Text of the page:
In the current study, satisfaction with the level of involvement in the decision-making process, amount of information, and appropriate time for decision making were found to be similar to Heyland et al.'s findings . Most of the respondents felt supported during the decision-making process, were given an adequate amount of hope, and were satisfied with the level of healthcare the patients received. These findings correlate with the large study of the FS-ICU 34 questionnaire development . This supports the validity of our version of the questionnaire and stresses the differences we found in our research.
One important difference in our study was that more than half of the respondents did not feel they had control over the care of their family member even though they were officially appointed to be the LG. Heyland et al. , conversely, found that most of the respondents felt they had good or some control. The apparent contradiction might be explained by the stress, anxiety, and even depression that families of ICU patients experience in this stressful situation, coupled with lack of knowledge and full understanding of the implications of their decisions for the patient, which make it difficult for family members to take over their relative's care [3, 11].
Our study demonstrates that most LGs prefer that decisions be made by the medical staff after discussion with the family, a shared decision-making model. This is different from the autonomous model, where patients or LGs are expected to independently make decisions, or from the paternalistic model where decisions are made primarily by the medical staff. The respondents found it difficult to make decisions for their relatives, especially when the patient's values and wishes regarding invasive procedures are unclear or unknown. The majority of the respondents was not aware or was not sure of the patients’ preferences regarding invasive procedures, similar to the findings of Sviri et al. . This makes the LGs' decision-making process even more complicated. It seems that most LGs prefer a shared decision-making approach as seen by high levels of agreement with items where there is a role for both family members and physicians, most probably because of the difficulties they face when required to make decisions for others. These difficulties include difficulty to process and understand the implications of acting or not acting, vague knowledge of the patients' actual wishes, unease regarding taking responsibility for another person's life, and the fear that their decisions will be a subject of family conflicts. Interestingly, in the LG situation here there is more than one type of shared decision making, within the family and between the LG and the medical staff. Our findings are consistent with previous reports showing that families of ICU patients preferred a shared decision-making approach [4, 17, 18].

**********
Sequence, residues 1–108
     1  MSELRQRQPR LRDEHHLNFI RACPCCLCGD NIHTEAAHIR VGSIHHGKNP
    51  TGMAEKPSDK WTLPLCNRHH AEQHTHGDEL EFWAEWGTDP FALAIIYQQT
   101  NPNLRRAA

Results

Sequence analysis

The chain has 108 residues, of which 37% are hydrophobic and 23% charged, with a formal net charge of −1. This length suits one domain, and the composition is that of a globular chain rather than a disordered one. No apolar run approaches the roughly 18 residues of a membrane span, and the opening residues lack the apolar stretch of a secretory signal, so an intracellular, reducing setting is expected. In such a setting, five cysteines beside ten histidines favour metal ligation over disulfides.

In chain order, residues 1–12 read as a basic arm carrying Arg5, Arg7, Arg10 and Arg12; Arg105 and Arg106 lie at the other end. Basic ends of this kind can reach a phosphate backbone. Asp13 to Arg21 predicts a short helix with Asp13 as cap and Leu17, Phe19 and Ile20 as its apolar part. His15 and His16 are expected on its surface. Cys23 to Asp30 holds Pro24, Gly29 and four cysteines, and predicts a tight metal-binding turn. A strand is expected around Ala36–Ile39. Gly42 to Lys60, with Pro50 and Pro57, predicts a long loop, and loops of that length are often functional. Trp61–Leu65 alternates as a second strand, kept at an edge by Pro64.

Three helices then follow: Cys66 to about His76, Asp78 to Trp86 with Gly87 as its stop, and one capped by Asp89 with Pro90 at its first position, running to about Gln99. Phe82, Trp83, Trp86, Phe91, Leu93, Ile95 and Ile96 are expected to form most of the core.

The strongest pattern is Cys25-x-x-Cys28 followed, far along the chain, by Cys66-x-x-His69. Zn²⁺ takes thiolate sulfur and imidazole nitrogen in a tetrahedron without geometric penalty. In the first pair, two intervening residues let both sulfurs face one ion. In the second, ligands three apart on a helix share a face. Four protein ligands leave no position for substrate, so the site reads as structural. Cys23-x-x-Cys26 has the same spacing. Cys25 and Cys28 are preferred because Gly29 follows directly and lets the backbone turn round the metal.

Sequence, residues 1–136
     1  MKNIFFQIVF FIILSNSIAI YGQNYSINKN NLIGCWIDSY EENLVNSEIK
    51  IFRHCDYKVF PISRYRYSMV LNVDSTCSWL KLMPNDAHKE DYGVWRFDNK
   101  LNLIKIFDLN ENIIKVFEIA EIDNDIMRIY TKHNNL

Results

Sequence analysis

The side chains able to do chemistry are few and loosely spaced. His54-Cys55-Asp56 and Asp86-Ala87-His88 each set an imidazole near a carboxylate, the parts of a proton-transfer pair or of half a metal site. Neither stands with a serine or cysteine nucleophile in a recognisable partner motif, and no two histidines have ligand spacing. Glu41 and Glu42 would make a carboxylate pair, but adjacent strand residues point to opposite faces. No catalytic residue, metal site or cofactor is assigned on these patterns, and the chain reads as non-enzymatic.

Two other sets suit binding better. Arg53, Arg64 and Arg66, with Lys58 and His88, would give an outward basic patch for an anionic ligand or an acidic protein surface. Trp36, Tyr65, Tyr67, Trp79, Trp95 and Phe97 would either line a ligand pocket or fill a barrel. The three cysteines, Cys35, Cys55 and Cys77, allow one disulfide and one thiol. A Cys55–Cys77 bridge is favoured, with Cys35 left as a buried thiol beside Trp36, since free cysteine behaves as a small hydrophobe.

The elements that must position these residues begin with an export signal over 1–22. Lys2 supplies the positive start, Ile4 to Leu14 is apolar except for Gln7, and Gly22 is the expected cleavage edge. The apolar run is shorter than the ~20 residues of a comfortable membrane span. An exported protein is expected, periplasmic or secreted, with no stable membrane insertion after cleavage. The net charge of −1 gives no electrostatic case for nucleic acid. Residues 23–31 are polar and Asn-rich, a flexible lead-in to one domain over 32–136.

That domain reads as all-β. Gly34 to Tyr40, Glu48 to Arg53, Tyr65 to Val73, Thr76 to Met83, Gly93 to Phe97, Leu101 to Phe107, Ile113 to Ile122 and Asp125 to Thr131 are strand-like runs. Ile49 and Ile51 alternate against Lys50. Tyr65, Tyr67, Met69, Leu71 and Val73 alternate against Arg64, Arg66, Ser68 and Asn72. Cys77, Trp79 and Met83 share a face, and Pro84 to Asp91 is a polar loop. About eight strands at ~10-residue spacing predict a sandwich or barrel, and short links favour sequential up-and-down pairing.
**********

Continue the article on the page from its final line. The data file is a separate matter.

Most of the respondents felt that the decision could be made without the need for an LG appointment. This preference is in contradiction to the current law in Israel. The present situation requires LGs, instead of their sick loved ones, to sign an agreement for performing or withholding procedures, a requirement that supports the autonomous approach and protects both patients and families from a paternalistic decision-making approach. The only option to overcome this obstacle without changing the law is to encourage the use of advanced medical directives or power or attorney. This will allow the medical staff to honor the patient’s preferences, without the need to appoint an LG (who may not know or feel comfortable complying with the patient's wishes). It is therefore recommended that the use of advanced directives and power of attorney be promoted in every possible encounter with patients in the primary health care settings, emergency departments, and upon hospital, nursing home, and rehabilitation department admissions. It should also be a part of a widely advertised campaign aimed at increasing awareness of the availability and importance of advanced directives in chronically ill patients. It is reasonable to presume that the same person that is appointed to be the LG could have been granted the power of attorney if the patient had been aware of that option at the appropriate time. However, as there was not a single case of advanced medical directives or power or attorney found in our study population, no comparisons could be made.